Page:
Lack of Promotion, Advancement & Career Opportunities

Actual Comment from Employees Who Left:
“Never given the opportunity to advance. It seemed only friends would advance. Supervisors knew who got the job before interviews were given.”

“My manager explicitly told me many times that I was fulfilling the duties of the position above mine, and also performing many duties of the position above that. However, because so many other people in our department had been in this same situation for years and years, promotion “was not an option” for me.”

“Due to an illness the manager left. For 8 months, I covered this role and mine. I increased production by 25% yet was not even considered for the promotion, nor was I paid for my services.”

The Solution
This is an area where employees’ perceptions may be at the heart of their dissatisfaction, but perceptions are reality. How many times have you heard employees say, “Only my manager’s friends advanced,” “I discussed with management my desire to advance and there was no movement,” or “I asked for training but there was none.”

So, what can organizations do to overcome these perceptions? The effort begins in the Human Resources Department.

Start by defining and communicating the company’s policy and process for seeking promotions or other opportunities for advancement or new roles in the organization. The other half of the approach is improving employee onboarding. Long-time employees who feel disgruntled with their opportunities for advancement may have resentments that can be traced back to the day they were hired. HSD Metrics data finds unhappy employees believe their actual working conditions and responsibilities did not match what was described to them when they were hired.

If you look at best practices among HR professionals, you’ll find companies that go beyond having a written policy on promotions and advancement. They hold formal training sessions to help employees understand specific job requirements, provide on-line resources that are available to help employees acquire skills, and explain what the employees’ responsibilities are for achieving advancement.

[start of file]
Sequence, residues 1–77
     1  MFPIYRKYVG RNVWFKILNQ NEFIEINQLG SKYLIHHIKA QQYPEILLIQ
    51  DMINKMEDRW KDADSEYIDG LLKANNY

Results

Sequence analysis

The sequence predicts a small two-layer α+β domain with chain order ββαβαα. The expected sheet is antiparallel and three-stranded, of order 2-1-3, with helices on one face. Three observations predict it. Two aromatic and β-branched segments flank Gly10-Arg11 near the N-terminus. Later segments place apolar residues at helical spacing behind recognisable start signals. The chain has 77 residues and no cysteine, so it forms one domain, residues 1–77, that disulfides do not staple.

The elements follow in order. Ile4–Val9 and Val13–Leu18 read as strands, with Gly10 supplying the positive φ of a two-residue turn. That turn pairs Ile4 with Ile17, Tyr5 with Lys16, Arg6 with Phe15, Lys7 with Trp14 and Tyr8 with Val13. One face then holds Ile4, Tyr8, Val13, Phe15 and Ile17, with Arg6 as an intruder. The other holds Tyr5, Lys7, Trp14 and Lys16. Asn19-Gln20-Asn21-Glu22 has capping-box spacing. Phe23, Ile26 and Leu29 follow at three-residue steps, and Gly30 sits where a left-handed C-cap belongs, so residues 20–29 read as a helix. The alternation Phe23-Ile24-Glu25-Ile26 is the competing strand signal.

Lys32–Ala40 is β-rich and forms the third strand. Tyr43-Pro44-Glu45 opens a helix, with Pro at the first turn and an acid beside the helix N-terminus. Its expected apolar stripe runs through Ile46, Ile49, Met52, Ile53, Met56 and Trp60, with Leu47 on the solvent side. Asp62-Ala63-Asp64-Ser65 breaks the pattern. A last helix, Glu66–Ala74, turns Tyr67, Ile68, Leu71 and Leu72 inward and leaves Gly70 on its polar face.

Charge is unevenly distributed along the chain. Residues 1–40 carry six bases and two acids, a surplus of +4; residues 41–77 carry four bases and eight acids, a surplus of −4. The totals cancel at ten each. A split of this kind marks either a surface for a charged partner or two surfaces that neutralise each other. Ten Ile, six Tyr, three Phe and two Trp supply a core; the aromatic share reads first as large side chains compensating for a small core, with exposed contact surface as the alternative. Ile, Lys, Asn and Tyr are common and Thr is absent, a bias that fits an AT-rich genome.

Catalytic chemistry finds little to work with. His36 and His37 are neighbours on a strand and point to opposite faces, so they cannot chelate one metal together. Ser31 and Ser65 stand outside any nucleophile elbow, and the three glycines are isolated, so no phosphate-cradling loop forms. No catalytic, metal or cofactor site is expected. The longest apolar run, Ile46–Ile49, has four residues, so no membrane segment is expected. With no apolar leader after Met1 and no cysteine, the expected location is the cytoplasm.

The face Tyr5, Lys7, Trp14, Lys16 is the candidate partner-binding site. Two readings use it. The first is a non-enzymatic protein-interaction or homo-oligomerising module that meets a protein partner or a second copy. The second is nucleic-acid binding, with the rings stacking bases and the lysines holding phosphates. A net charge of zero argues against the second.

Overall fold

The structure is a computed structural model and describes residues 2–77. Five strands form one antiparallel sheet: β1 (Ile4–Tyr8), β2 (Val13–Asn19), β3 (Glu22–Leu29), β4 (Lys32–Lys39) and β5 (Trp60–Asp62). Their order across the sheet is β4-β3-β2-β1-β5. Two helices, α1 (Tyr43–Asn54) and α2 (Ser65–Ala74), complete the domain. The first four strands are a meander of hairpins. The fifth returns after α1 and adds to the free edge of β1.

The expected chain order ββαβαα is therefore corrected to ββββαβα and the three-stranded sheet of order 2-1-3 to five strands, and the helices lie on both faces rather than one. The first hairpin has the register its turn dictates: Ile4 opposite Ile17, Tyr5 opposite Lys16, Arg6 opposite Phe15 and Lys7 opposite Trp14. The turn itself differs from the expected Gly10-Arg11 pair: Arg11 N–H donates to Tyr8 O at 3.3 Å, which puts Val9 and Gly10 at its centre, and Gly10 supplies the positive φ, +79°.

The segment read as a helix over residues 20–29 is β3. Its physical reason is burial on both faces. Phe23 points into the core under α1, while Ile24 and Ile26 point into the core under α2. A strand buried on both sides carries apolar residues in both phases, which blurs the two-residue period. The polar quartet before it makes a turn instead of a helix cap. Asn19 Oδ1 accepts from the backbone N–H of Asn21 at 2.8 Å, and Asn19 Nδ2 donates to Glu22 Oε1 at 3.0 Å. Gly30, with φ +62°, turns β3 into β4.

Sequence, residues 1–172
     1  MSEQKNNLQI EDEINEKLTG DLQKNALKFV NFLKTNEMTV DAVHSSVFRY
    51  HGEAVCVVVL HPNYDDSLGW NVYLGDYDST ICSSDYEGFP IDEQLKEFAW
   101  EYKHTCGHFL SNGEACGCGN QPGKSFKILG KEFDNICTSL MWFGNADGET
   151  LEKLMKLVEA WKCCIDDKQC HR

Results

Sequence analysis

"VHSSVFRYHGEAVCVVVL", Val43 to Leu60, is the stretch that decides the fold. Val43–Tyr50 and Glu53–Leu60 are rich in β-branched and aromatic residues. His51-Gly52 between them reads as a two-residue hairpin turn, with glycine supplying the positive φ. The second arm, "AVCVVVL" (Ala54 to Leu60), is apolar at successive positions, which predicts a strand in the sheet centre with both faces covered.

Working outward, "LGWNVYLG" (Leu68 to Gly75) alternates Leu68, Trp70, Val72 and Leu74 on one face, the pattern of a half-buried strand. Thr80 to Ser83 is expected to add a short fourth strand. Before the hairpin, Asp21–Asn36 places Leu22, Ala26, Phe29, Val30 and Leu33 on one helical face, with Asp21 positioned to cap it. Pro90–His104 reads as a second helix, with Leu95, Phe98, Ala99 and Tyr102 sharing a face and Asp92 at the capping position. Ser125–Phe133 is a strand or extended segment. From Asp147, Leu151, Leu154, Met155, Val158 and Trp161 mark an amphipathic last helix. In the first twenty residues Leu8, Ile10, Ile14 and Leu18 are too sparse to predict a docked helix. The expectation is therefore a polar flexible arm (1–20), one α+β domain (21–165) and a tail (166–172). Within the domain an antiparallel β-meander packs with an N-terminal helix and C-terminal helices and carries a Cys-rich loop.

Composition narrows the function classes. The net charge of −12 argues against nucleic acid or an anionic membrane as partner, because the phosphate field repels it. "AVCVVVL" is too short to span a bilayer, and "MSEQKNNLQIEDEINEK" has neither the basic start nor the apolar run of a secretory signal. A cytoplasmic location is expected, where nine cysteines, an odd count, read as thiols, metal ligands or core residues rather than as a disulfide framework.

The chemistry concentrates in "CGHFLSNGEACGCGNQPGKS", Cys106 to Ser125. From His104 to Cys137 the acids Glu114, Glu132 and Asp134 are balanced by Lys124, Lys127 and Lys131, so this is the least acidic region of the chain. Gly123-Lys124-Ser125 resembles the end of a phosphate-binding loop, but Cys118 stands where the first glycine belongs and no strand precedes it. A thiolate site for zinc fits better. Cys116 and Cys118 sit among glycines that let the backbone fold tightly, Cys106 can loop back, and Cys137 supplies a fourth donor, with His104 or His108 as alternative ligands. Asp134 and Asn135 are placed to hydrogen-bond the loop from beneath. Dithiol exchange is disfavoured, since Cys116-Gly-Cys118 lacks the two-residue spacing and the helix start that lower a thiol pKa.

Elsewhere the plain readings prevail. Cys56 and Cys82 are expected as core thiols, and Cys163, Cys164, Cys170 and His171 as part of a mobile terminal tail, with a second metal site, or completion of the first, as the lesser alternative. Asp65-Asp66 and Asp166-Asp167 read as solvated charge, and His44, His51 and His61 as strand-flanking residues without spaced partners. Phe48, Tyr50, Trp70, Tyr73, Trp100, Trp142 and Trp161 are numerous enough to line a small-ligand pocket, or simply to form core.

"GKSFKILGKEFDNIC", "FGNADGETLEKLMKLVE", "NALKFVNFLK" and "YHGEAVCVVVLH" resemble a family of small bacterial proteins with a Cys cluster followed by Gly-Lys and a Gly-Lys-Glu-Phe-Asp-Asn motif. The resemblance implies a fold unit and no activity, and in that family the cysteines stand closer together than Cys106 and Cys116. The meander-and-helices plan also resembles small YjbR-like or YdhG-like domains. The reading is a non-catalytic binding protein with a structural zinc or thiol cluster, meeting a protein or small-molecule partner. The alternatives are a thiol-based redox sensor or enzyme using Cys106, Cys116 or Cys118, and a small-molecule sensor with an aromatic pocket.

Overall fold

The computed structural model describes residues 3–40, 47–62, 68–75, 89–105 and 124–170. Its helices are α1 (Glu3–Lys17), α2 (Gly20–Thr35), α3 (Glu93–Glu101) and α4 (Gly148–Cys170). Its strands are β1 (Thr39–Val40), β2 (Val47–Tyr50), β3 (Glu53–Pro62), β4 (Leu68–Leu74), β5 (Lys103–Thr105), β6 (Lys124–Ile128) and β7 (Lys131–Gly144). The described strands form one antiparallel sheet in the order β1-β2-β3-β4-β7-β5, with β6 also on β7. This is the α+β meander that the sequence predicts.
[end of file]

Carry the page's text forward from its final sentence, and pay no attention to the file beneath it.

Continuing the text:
Today’s work environment is much more complex and skill-based, requiring employees to make a personal commitment to acquire additional skills. If you look at current job reports coming from industry and the government, there are many open positions that cannot be filled due to a lack of skills. This is the new environment.

HR professionals can create fertile ground for employee development and advancement by adding a personal development plan to your organization’s performance management process. Make this a collaborative effort between employees and managers to find out what the employees’ career desires are, help them create goals and action plans, and follow their progress throughout the year.

There may be times when opportunities for advancement are just not available, but there are almost always opportunities for on-the-job training. Review employees’ current job duties to see where responsibilities can be moved among staff members, thereby increasing skill levels and bench strength within a department. The key is keeping employees engaged and growing their skills, so they can be ready when promotional opportunities become available. The secondary payoff is you’ll have a stronger team, ready to fill in, when someone needs time off for health reasons, family leave or other unexpected occurrences.

Ultimately, your efforts will pay off for the company by increasing employee involvement, improving the overall skill level of the organization, and reducing turnover. And that’s what HSD Metrics is all about!

HSD Metrics offers new hire, stay, and exit interview platforms that can help your business improve employee engagement, as well as employee experience and retention. If you are interested in learning more, contact us today.